·       Phillips Johnston – Capital One Southcoast
·       Hi, guys thanks. Just following up on plans in the TMS, your CapEx budget for the year is $60 million to $65 million and I think you are planning on drilling and completing two net wells. So I’m just wondering if you can comment on what AFE you are assuming for both of those wells and what other kind of cost here are baked into your full year CapEx budget for TMS?
·       Michael G. Long
·       I’ll let Chris talk about what we’re thinking about for our first AFE on our well. We’ve made an – as Tony explained we’ve been AFE-ed or notified that we have acreage in several units that have been formed, we are expecting those non-operated wells to get drilled out into the future. We don’t have a – our deadline is to win any of those non-op wells will start, so our estimate of capital costs is an estimate at this point. So we don’t have precision or control over the non-op. We do know what we want to do on our first well with a lot of science and then what follow-up wells might be, but I can’t speak to the timing or the exact working interest we’ll have on all those non-op wells until the final AFE with a proposed spud -date for them comes in from the non-operators.
·       Christopher D. Heinson
·       Yes, our first well is expected to cost just over $15 million, but that includes the costs for the pilot hole associated with that. After drilling that well our next well will not have a pilot hole, so we expect cost to come down a little bit from there roughly about $1.5 million maybe even little bit more if we take up a few efficiency improvements along the way after our first well.
·       Curtis Trimble – Global Hunter Securities
·       Got you. Okay. Switch gears over to the TMS, I was wondering if you could talk a little bit about the acreage movements, I know early on maybe there was some discussions about swapping acreage over in Concordia Parish [Unclear] something possibly further South and East. And then, obviously there have been some fairly significant moves in the past few months on non-op any of that surprising, any of that actually occurred and had a little bit of scuttlebutt about possibly some of the better wells the Anderson wells for instance being drilled up again, [salt domes] and maybe that leading to some incremental natural fracturing that led to better deliverability any opinion or validity to that?
·       Antonio R. Sanchez, III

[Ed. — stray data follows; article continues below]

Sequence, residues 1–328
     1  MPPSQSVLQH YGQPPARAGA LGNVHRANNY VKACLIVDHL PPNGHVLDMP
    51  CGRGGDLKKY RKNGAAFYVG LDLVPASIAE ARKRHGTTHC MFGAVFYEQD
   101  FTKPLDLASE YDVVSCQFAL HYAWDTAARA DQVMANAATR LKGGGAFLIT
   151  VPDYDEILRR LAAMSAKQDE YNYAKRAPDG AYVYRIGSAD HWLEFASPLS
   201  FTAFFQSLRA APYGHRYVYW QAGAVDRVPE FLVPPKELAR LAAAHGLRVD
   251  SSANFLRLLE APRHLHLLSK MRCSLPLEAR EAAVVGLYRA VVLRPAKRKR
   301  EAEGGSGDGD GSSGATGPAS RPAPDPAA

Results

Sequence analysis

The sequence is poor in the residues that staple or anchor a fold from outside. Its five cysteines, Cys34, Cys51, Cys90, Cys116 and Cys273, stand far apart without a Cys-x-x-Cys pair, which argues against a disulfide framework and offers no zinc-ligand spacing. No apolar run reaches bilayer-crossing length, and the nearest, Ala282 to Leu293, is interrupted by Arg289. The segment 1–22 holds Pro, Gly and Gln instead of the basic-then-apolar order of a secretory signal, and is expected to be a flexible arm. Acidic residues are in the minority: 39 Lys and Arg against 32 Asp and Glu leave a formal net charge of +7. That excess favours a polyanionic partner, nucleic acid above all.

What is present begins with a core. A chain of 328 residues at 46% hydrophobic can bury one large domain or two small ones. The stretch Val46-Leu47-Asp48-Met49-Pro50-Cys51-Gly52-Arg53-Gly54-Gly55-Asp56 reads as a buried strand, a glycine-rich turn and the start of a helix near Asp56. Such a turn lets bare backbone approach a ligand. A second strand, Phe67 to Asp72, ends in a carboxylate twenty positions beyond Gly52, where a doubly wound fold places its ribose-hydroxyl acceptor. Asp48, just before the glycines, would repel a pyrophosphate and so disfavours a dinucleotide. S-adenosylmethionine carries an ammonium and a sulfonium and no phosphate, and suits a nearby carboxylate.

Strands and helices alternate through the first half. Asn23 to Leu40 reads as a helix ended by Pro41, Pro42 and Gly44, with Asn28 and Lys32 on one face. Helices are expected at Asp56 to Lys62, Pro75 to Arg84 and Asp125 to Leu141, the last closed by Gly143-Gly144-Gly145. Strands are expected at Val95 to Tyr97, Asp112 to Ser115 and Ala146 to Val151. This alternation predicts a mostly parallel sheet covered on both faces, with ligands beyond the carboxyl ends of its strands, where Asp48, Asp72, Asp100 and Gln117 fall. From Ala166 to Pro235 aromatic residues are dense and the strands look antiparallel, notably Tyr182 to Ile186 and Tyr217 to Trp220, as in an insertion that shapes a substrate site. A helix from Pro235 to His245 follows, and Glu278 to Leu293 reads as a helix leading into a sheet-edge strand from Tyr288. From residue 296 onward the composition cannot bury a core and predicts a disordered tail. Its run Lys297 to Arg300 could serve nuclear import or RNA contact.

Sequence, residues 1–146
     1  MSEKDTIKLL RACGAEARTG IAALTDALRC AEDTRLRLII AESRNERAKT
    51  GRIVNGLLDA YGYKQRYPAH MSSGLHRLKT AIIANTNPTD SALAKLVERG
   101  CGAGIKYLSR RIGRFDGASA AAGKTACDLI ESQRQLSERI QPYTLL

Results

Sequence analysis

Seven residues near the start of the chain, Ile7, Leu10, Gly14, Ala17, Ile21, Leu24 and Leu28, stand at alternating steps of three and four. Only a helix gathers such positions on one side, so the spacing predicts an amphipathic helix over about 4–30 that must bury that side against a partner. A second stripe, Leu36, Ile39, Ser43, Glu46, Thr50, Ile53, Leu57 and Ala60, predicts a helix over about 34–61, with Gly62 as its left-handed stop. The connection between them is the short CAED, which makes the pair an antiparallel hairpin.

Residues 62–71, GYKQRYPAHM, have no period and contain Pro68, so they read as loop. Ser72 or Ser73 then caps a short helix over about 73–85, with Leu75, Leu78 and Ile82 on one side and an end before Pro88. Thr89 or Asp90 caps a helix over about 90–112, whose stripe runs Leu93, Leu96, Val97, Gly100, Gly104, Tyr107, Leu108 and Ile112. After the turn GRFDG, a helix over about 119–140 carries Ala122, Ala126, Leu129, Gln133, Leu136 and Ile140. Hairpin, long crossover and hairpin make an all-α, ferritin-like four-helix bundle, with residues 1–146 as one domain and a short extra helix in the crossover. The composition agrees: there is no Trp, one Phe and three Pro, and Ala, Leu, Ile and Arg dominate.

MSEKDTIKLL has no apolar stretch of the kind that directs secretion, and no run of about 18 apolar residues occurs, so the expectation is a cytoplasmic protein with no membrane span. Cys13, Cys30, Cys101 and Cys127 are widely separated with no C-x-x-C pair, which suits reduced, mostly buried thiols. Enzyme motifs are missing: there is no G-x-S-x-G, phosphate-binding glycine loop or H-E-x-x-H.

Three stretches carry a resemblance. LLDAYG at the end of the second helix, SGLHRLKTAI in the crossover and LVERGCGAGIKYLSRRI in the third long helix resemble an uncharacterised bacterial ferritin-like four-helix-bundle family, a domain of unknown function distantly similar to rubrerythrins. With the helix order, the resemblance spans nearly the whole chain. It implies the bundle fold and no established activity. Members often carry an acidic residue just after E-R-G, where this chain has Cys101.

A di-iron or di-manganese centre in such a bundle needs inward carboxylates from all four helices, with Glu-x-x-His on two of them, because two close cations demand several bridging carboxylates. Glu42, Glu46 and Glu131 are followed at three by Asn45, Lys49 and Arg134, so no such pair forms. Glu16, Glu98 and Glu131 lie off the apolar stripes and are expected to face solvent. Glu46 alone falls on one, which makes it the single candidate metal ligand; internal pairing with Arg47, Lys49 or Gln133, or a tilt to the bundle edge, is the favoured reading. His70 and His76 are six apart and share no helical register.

·       I’ll take the first one on acreage swaps. We’re not planning any large scale acreage swaps. Many of the operators have a fairly broken up acreage position. And so what we’re all trying to do to is work together try and make sure we form as many contiguous units as possible. And so there’s some minor trading back and forth but no major acreage swaps trying to move ourselves to a better part of the play.
·       We have actually what we’ve seen is sort of the core of the TMS is collapsing down into a much narrower window. Looks like the core of the core is that sort of Southern Wilkinson County going into Southern and mid – just across Louisiana State line. But it’s been structurally quite. So we don’t see anything structurally associated with salt domes or anything as being significant contributors for the Anderson.
·       Curtis Trimble – Global Hunter Securities
·       [Inaudible]] between what you’ve seen thus far from Lawson drill data and overall depth at Horseshoe Hill area that you guys have a little non-op participation in as well?
·       Christopher D. Heinson
·       I am sorry I didn’t hear the first part of your question.
·       Curtis Trimble – Global Hunter Securities
·        in terms of content fitness, anything like that of the target zone in the TMS between the Lawson area and the Horseshoe Hill area?
·       Christopher D. Heinson
·       All right, in fact the TMS as a zone is actually relatively predictable. [Inaudible] there is not much structurally going along or over the whole region?
·       Curtis Trimble – Global Hunter Securities
·       Because everything else that’s around it [inaudible] upper and lower?
·       Christopher D. Heinson
·       Yes.
SOURCE:

No comments:

Post a Comment